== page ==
Would I like to be a millionaire and not have to worry about how much money kids will cost? Sure.  But that is not a reality for most of America the world.  Millions of people make it work ( and genuinely want to make it work) every day (welfare recipients with 45 children excluded because they usually want to do anything BUT work).

Every time we talk about having kids, I think of the movie Idiocracy.   We are those people at the beginning, rationalizing away the desire to have kids.  (If you haven’t seen the movie, you should watch it just to find out how horrifying it is when the intelligent people of sensible means stop procreating and the welfare recipients take over.)  Its kind of a crappy movie but the point I’m trying to make is that I spend so much time planning things, that I rarely have the time to genuinely enjoy them.  And I don’t want having kids to be like that.  Call it selfish (although I don’t see how getting huge, quitting drinking for 10+ months and committing your life to the health and well-being of another human is selfish), but I just want to enjoy it.

So if I get knocked up and I don’t have $100,000 in the bank and I haven’t woken up before 6am since I was a rower in college, it will be okay.  I will make it work. I have a great husband, a good job, a plethora of supportive friends and family, and a lot of sisters with hand-me-down baby clothes, and a lot of friends who can’t wait to babysit (right, guys?)

 

I don’t want having kids to be another one of my well-planned ideas gone awry. 

So I’d rather keep the expectation bar low not plan much at all.

4 comments:

Jill said...

This is a wonderful post. Of course no one can ever be fully ready for a baby. You're inventing something that never before existed! There is no way to plan for that, and it's pretty rad, if tremendously daunting.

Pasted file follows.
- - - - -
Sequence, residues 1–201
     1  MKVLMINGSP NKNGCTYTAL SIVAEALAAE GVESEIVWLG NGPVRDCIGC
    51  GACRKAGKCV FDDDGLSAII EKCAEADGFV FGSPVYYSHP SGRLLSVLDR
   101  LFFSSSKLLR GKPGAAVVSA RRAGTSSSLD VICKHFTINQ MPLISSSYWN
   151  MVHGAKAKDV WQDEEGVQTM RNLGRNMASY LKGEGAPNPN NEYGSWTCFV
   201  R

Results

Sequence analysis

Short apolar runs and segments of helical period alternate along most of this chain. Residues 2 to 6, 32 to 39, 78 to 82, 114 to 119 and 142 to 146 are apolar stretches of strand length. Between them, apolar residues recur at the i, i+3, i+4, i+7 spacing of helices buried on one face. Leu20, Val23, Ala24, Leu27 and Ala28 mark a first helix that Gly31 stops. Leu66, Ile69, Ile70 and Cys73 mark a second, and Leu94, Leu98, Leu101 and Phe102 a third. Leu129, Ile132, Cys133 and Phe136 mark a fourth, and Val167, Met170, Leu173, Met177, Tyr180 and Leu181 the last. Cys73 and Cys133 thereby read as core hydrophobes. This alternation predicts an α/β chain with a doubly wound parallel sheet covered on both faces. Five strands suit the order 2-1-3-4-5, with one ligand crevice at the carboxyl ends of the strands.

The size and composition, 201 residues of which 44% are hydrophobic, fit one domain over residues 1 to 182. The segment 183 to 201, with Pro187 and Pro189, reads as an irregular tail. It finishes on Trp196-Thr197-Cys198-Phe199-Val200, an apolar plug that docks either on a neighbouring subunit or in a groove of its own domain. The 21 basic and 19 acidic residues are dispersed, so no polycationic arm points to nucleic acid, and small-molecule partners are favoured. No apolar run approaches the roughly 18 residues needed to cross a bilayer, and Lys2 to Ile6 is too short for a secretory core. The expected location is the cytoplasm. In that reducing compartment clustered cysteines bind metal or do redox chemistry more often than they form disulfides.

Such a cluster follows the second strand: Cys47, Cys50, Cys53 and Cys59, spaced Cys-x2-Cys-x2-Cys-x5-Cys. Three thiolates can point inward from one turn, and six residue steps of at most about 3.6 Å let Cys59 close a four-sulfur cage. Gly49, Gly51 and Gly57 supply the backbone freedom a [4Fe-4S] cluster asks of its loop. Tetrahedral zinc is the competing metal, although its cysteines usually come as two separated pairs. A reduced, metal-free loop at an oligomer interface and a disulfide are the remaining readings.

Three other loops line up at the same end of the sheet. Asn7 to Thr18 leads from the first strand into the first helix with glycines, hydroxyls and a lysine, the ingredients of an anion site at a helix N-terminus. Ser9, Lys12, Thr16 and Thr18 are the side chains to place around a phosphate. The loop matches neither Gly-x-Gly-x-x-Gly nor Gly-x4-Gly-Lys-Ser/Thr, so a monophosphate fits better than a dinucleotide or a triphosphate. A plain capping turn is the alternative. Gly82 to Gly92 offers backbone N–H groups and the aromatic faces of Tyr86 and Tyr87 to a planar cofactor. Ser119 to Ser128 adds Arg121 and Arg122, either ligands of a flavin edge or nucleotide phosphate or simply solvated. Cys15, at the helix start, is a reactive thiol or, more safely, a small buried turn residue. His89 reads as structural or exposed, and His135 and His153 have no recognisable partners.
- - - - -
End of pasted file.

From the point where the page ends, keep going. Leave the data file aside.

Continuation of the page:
I am not sure if my husband and I will ever take the plunge, and part of the reservation comes from knowing that *everything* will change. Any plans I might have right now -- all those plans that *don't* involve a baby -- those will go out the window. I'm not a compulsive planner, and I almost feel like having a kid requires a ton of planning in your daily life once you have it. That kind of overwhelming idea makes me shy away from it all.

But whenever it does happen for you, I think you'll have the feeling you're looking for. The "Yay, this happened, and now I will prepare!" And what a good feeling that will be. :)

Andrew said...

I'm sure kids will sit you down and feed you a slice of humble pie. Mmmmm... Pie.

Just remember--tough love is the key. Remind your kids constantly what you gave up to bring them into the world. That way, they appreciate it.

At least there's still the possibility of a few years to prepare. Start saving!

emily said...

It sounds like you're ready to me! Very wise words.

Sarah P said...

When the moment is just right, and the mood strikes you, and you're putting some money in the bank, start trying.
Then, when you get surprisingly pregnant right away, and then it turns out you're having twins, and then your husband gets laid off, you'll realize there's no stopping the crazy train. Just go with it.